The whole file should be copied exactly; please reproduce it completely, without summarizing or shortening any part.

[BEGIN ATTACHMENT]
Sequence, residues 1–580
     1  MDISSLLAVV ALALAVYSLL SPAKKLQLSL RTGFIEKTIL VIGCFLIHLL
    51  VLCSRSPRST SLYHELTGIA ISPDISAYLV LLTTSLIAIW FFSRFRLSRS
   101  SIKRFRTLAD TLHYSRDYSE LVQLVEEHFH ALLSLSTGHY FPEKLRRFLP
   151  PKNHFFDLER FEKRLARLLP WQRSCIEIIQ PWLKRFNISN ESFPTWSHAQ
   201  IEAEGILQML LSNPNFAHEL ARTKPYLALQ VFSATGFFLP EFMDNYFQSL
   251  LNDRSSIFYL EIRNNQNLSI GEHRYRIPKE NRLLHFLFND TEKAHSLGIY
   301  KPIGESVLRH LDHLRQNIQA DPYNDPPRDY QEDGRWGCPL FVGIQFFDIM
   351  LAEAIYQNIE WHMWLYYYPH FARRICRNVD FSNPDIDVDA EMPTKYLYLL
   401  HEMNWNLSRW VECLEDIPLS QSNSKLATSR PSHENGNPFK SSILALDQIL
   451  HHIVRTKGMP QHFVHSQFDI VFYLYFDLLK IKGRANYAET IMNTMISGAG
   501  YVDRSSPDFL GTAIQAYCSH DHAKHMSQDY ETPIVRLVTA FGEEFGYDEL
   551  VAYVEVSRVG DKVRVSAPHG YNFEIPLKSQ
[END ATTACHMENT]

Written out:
Sequence, residues 1–580
     1  MDISSLLAVV ALALAVYSLL SPAKKLQLSL RTGFIEKTIL VIGCFLIHLL
    51  VLCSRSPRST SLYHELTGIA ISPDISAYLV LLTTSLIAIW FFSRFRLSRS
   101  SIKRFRTLAD TLHYSRDYSE LVQLVEEHFH ALLSLSTGHY FPEKLRRFLP
   151  PKNHFFDLER FEKRLARLLP WQRSCIEIIQ PWLKRFNISN ESFPTWSHAQ
   201  IEAEGILQML LSNPNFAHEL ARTKPYLALQ VFSATGFFLP EFMDNYFQSL
   251  LNDRSSIFYL EIRNNQNLSI GEHRYRIPKE NRLLHFLFND TEKAHSLGIY
   301  KPIGESVLRH LDHLRQNIQA DPYNDPPRDY QEDGRWGCPL FVGIQFFDIM
   351  LAEAIYQNIE WHMWLYYYPH FARRICRNVD FSNPDIDVDA EMPTKYLYLL
   401  HEMNWNLSRW VECLEDIPLS QSNSKLATSR PSHENGNPFK SSILALDQIL
   451  HHIVRTKGMP QHFVHSQFDI VFYLYFDLLK IKGRANYAET IMNTMISGAG
   501  YVDRSSPDFL GTAIQAYCSH DHAKHMSQDY ETPIVRLVTA FGEEFGYDEL
   551  VAYVEVSRVG DKVRVSAPHG YNFEIPLKSQ